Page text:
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Confronting Dostoevsky’s «Demons»

Anarchism and the Specter of Bakunin in Twentieth-Century Russia


James Goodwin

Although criticized at one time for its highly tendentious spirit, Dostoevsky’s Demons (1871-1872) has proven to be a novel of great polemical vitality. Originally inspired by a minor conspiratorial episode of the late 1860s, well after Dostoevsky’s death (1881) the work continued to earn both acclaim and contempt for its scathing caricature of revolutionists driven by destructive, anarchic aims. The text of Demons assumed new meaning in Russian literary culture following the Bolshevik triumph of 1917, when the reestablishment and expansion of centralized state power inevitably revived interest in the radical populist tendencies of Russia’s past, in particular the anarchist thought of Dostoevsky’s legendary contemporary, Mikhail Bakunin (1814-1876).
Confronting Dostoevsky’s ‘Demons’ is the first book to explore the life of Dostoevsky’s novel in light of disputes and controversies over Bakunin’s troubling legacy in Russia. Contrary to the traditional view, which assumes the obsolescence of Demons throughout much of the Communist period (1917-1991), this book demonstrates that the potential resurgence of Bakuninist thought actually encouraged reassessments of Dostoevsky’s novel. By exploring the different ideas and critical strategies that motivated opposing interpretations of the novel in post-revolutionary Russia, Confronting Dostoevsky’s ‘Demons’ reveals how the potential resurrection of Bakunin’s anti-authoritarian ethos fostered the return of a politically reactionary novel to the canon of Russian classics.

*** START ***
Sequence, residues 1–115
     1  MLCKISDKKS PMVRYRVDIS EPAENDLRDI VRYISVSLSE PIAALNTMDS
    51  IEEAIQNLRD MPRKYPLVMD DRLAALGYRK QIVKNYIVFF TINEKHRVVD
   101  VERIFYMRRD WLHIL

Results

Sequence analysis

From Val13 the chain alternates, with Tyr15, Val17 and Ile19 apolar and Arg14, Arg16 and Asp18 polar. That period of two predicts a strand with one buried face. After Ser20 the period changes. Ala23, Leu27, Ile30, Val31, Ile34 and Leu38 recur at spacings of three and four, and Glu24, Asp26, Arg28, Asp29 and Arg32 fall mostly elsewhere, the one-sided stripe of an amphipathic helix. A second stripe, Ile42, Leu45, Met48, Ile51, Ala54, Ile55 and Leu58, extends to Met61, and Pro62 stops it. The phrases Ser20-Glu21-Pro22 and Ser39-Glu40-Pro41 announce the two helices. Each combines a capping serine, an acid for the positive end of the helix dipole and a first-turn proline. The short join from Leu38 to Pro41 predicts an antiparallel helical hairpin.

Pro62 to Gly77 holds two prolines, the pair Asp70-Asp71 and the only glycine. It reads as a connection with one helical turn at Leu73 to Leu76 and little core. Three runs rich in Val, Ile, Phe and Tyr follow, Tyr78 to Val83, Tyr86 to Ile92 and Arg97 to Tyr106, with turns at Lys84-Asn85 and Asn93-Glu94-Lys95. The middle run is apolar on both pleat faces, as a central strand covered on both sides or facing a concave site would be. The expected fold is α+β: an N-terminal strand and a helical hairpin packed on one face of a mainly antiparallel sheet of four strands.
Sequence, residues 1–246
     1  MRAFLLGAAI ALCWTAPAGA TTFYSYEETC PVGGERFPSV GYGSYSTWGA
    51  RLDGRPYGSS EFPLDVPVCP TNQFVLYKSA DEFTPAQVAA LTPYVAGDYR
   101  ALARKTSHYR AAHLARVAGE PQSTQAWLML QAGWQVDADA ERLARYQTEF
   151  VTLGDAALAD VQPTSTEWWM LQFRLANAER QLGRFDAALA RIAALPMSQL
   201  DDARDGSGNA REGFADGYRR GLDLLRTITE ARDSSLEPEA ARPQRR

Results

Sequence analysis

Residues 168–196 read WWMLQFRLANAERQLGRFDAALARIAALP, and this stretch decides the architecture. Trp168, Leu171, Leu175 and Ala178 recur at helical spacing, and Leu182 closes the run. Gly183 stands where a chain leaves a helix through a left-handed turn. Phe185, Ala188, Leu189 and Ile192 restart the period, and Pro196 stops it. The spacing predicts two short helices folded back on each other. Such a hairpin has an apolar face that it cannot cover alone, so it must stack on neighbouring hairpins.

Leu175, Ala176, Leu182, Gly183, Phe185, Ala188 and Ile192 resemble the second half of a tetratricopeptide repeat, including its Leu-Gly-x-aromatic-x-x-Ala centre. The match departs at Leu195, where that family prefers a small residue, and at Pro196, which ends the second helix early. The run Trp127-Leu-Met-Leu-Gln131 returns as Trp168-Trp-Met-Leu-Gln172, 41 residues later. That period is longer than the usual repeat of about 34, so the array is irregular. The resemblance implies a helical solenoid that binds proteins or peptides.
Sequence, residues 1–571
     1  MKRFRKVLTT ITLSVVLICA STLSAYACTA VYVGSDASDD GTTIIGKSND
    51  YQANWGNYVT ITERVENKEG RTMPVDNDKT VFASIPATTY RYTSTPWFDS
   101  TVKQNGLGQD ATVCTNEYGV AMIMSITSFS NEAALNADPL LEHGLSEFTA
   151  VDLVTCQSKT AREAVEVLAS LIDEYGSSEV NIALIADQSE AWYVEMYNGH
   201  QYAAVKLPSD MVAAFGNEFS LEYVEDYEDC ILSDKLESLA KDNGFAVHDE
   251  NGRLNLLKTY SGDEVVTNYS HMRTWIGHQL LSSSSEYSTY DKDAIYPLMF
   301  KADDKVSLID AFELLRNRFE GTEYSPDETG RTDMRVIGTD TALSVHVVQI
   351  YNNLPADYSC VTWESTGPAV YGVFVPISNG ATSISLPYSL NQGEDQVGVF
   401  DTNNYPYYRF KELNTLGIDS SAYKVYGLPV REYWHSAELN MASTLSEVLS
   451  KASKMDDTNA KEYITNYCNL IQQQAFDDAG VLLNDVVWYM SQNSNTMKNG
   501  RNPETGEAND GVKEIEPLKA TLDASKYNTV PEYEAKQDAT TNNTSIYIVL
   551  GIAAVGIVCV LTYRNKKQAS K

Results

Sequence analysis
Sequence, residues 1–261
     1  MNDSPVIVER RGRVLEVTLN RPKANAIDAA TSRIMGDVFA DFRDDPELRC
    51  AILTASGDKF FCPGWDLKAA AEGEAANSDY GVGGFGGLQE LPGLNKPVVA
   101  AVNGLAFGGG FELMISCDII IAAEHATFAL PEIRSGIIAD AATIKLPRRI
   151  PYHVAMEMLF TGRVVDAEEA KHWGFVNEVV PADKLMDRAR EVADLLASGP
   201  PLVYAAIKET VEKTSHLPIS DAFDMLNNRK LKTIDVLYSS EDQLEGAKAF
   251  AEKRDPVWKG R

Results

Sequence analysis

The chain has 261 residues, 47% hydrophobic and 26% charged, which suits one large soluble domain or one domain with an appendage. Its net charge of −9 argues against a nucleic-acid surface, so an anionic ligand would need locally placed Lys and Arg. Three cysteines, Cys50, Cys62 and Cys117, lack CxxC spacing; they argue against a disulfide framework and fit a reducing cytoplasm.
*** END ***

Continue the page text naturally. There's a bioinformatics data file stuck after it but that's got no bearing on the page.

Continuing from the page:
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Index 243


INDEX Index entries refer to persons cited either in the main text or in the Notes. Omitted are “Bakunin, M. A.” and “Dostoevsky, F. M.,” whose names occur with such frequency that a list of all pages would be of little practical use. Page numbers in normal font refer to the main text. Italicized page numbers refer to the Notes. For the purpose of a single alphabetized list, all entries are given in English. Instances of Cyrillic and other non-English names in the text and Notes are given here in transcription. Parentheses contain the real surnames of persons cited or known by pseudonym. Names of literary characters are not included in the Index. A Adler, Friedrich, 227 Aikhenval’d, Iu. I., 2, 66, 189, 206 Aksakov, I. S., 77, 209 Aksel’rod, P. B., 38, 140, 197, 227 Al’tman, M. S., 88, 211, 212 Aleksandr II (Tsar), 35, 50, 52, 54–56, 58–61, 97, 113, 192, 195, 203–204, 220, 226–227 Amfiteatrov, A. A., 215 Anderson, K. M., 233 Ando, A., 212 Andreev, L. N., 164, 234 Arbore-Ralli, Z. K. See Ralli, Z. K. Arshinov, P. A., 102, 127–128, 225 Ascher, Abraham, 227 Atabekian, A. M., 121, 204 Avakumovic, Ivan, 199, 200 Avrich, Paul, 43, 45, 199–201, 204, 219, 222, 226, 230, 233, 238 B Bakhtin, M. M., 4, 167, 207, 235 Bakunin, A. A., 54 Bakunin, A. I., 217 Bakunin, M. A. See prefatory note Bakunina, N. A., 228 Bakunina, T. A., 144–146, 228 Barkashov, A....

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